Books postsMonday April 11, 2011
My Starting Nine (of the Literary World)
Josh Wilker, voice of the mathematically eliminated, and author of one of my favorite recent books, “Cardboard Gods,” was interviewed a few weeks back by Shelf Awareness, who asked him, among other things, to name his five favorite authors. He did them one better: he gave them a starting nine.
On his own site he asked, a la the MLB Network, “What's your starting nine?”
That's my kinda question.
First, I went with American authors only, partly because it's our national pastime, and partly because I couldn't figure out positions for Tolstoy and Kundera. Then I tried to pick my most-read authors. This is what I came up with:
- James Baldwin, CF: Great range—from novels to essays to memoir to plays. (.312/.401/.405)
- Tobias Wolff, 2B: Never hits the ball far but always hits it cleanly; good at moving the man over. (.293/.397/.372)
- Ernest Hemingway, 1B: The legend. Opposition pitchers quake when he steps up. (.302/.384/.557)
- Norman Mailer, C: Big mouth behind the plate; big bat at the plate—he’s always swinging for the fences. (.264, .374, .531)
- John Irving, 3B: Another big hitter, not as naturally talented as Mailer, but he's put together some incredible seasons. (.274/.359/.514)
- Philip Roth, RF: A line-drive hitter, he sprays it all over the park. (.282/.367/.482)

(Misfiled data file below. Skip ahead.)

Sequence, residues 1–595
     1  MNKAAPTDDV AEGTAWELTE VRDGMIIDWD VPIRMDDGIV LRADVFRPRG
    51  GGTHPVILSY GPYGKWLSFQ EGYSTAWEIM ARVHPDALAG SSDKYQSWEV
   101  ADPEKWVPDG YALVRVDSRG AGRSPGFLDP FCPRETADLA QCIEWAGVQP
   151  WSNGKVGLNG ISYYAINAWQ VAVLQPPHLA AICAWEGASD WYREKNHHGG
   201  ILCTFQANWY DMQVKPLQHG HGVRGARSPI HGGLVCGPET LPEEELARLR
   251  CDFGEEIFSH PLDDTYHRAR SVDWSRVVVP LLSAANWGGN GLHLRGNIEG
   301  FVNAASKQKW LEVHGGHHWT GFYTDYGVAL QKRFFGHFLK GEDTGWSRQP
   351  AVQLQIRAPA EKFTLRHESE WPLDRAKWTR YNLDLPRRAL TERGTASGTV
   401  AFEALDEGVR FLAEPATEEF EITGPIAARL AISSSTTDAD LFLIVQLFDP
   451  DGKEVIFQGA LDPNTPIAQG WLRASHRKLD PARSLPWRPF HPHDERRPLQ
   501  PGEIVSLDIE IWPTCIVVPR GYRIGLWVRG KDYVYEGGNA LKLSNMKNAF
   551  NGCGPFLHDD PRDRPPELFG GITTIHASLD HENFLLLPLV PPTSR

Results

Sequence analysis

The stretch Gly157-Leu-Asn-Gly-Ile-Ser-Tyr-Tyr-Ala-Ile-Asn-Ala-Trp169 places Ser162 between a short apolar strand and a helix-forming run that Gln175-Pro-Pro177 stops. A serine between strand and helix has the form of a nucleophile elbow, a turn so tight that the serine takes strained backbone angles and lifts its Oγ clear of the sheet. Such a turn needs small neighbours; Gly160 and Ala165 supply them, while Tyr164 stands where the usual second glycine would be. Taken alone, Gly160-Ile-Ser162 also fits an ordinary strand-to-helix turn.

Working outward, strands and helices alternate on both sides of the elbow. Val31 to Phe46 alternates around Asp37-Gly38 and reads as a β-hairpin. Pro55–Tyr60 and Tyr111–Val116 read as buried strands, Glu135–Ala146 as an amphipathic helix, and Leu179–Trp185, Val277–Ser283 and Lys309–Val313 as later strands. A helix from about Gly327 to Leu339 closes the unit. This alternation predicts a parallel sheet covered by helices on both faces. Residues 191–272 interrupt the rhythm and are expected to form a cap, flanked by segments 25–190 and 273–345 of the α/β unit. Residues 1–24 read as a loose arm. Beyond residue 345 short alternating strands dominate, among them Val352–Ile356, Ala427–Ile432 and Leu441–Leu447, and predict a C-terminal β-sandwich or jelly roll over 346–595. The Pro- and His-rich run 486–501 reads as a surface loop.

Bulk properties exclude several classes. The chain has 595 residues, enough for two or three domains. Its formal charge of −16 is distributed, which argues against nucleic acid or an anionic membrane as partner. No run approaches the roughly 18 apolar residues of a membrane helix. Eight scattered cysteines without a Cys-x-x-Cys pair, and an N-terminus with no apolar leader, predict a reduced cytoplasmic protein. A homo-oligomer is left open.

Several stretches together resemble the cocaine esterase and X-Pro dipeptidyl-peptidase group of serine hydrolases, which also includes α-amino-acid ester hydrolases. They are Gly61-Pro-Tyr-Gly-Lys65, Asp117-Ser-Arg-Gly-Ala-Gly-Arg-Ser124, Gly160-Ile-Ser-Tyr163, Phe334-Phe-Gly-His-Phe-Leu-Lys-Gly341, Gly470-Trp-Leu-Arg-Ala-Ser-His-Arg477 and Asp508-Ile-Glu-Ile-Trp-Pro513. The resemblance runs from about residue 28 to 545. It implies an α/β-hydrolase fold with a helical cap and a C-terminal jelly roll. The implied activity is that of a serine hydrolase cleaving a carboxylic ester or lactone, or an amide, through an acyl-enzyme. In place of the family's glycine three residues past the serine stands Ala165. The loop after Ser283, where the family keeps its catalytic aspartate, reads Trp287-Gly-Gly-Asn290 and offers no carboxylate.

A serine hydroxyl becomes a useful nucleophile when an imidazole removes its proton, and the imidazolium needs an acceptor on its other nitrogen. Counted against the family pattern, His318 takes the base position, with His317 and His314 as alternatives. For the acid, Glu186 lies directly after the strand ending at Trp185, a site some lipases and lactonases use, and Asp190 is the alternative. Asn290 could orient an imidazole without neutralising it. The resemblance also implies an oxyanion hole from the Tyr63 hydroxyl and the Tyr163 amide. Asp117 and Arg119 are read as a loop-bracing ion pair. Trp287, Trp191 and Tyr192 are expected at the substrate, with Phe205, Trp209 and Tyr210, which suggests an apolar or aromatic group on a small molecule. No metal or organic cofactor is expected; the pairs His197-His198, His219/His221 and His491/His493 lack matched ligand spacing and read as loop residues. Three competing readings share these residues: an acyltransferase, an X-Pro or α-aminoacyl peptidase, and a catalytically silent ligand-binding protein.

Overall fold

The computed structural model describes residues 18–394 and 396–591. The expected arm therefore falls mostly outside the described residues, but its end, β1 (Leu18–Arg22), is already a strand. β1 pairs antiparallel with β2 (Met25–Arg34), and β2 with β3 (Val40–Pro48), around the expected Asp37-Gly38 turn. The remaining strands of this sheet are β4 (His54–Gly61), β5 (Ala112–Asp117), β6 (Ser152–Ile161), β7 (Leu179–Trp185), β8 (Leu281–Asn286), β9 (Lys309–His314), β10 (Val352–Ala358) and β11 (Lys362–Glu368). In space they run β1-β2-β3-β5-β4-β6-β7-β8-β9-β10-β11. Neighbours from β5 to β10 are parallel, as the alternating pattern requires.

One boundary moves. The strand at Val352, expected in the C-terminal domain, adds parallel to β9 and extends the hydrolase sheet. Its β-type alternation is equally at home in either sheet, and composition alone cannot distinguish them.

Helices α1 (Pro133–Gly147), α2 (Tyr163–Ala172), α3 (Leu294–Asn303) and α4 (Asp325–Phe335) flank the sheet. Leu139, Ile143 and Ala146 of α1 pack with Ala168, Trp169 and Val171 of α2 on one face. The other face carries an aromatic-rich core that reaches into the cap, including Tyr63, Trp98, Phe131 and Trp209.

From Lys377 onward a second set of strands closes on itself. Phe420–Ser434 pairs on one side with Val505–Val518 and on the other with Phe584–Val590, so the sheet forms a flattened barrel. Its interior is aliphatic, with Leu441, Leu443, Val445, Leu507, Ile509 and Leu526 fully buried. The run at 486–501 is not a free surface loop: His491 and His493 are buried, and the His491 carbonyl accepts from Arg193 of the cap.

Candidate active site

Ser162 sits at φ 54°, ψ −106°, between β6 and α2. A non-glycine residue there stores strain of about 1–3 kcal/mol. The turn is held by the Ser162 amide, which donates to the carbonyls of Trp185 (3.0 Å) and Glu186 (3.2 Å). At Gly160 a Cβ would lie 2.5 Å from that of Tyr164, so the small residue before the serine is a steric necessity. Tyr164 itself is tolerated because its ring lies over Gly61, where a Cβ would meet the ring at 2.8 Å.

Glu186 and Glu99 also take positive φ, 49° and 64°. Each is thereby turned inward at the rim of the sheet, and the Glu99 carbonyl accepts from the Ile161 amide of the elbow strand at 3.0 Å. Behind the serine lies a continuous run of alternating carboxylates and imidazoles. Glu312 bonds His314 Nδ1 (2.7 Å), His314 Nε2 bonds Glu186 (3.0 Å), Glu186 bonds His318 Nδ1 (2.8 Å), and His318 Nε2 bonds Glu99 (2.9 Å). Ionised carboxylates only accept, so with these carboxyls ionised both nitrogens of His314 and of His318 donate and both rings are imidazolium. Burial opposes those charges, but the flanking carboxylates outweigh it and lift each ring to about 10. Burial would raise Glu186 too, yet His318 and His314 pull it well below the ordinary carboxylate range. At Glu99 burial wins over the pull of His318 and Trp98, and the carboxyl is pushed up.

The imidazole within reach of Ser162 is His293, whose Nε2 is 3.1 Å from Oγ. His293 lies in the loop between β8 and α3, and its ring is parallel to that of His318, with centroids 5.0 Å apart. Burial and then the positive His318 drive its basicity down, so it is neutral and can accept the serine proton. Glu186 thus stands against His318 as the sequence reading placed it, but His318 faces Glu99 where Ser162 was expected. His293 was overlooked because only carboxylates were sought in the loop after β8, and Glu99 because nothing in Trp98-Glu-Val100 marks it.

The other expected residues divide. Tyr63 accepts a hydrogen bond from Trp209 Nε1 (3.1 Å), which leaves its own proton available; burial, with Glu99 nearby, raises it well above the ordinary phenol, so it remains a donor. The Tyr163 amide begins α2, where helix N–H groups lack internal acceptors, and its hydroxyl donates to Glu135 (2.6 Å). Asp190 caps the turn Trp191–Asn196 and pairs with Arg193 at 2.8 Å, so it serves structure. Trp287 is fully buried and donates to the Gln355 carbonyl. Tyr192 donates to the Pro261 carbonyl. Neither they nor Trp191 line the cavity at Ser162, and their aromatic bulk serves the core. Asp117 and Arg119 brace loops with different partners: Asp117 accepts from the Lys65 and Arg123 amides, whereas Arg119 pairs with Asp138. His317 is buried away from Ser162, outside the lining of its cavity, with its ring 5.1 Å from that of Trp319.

- E.L. Doctorow, LF: Just what the world needs, Edgar, another left fielder. (.275/.353/.455)
- J.D. Salinger, SS: A lot of heart and soul; plus poetry on the glove. (.266/.353/.422)
- Kurt Vonnegut, P: Crazy lefty. (2.88 ERA)
My starting nine.
This means a lot of talent on the bench, of course: Cather, DeLillo, Morrison, Updike. Serously: Updike? I'm not starting Updike? Don't I want to win this thing?
Originally, by the way, I had Gore Vidal pitching, so I could have a battery of Vidal-Mailer, but then I remembered Doctorow wasn't on the team so someone had to go.
It's a tough, fun exercise. Now what's your starting nine?
Opening and Closing: Louis Menand on Wild Bill Donovan and the Hollywood View of History
Nathaniel Rogers over at Film Experience has a fun feature he does semi-regularly, called “First and Last,” in which he shows readers a screenshot of the first and last images of a movie and asks them to guess the movie. It's harder than you'd think.
This isn't meant to emulate that. Yesterday I simply read Louis Menand's review of Douglas Waller's “Wild Bill Donovan," about the founder of the O.S.S., and thus the granddaddy of all U.S. foreign intelligence operations, and was particularly impressed by Menand's opening and closing paragraphs. I wanted to share.
Here's the opening:
There is history the way Tolstoy imagined it, as a great, slow-moving weather system in which even tsars and generals are just leaves before the storm. And there is history the way Hollywood imagines it, as a single story line in which the right move by the tsar or the wrong move by the general changes everything. Most of us, deep down, are probably Hollywood people. We like to invent “what if” scenarios—what if x had never happened, what if y had happened instead?—because we like to believe that individual decisions make a difference: that, if not for x, or if only there had been y, history might have plunged forever down a completely different path. Since we are agents, we have an interest in the efficacy of agency.